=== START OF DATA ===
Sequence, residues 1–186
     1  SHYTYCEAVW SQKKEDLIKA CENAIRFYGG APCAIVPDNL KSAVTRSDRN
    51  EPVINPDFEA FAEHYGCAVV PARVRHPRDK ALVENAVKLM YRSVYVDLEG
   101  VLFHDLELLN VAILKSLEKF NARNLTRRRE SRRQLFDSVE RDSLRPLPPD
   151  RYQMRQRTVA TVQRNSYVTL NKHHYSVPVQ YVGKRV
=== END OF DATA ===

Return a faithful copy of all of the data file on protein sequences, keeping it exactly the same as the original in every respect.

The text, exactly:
Sequence, residues 1–186
     1  SHYTYCEAVW SQKKEDLIKA CENAIRFYGG APCAIVPDNL KSAVTRSDRN
    51  EPVINPDFEA FAEHYGCAVV PARVRHPRDK ALVENAVKLM YRSVYVDLEG
   101  VLFHDLELLN VAILKSLEKF NARNLTRRRE SRRQLFDSVE RDSLRPLPPD
   151  RYQMRQRTVA TVQRNSYVTL NKHHYSVPVQ YVGKRV